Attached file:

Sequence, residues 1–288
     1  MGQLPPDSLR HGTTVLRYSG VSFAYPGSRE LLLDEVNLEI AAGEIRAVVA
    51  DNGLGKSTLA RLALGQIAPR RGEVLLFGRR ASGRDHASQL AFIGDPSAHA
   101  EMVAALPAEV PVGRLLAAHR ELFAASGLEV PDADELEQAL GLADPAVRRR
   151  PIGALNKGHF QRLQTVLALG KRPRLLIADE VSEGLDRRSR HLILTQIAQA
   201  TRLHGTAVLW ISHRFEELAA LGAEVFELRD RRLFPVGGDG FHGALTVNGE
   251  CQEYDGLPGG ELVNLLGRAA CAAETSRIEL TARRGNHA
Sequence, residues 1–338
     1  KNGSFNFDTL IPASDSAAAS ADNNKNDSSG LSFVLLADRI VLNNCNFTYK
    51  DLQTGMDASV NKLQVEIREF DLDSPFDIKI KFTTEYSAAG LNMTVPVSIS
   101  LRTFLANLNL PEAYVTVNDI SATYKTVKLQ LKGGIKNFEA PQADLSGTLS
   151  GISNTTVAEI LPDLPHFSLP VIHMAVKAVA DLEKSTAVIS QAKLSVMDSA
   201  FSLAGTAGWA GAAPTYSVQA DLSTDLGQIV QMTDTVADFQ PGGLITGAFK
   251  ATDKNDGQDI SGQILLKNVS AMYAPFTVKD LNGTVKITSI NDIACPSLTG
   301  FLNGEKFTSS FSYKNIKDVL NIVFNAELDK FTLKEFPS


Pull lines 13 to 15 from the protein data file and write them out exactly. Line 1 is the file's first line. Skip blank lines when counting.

   201  FSLAGTAGWA GAAPTYSVQA DLSTDLGQIV QMTDTVADFQ PGGLITGAFK
   251  ATDKNDGQDI SGQILLKNVS AMYAPFTVKD LNGTVKITSI NDIACPSLTG
   301  FLNGEKFTSS FSYKNIKDVL NIVFNAELDK FTLKEFPS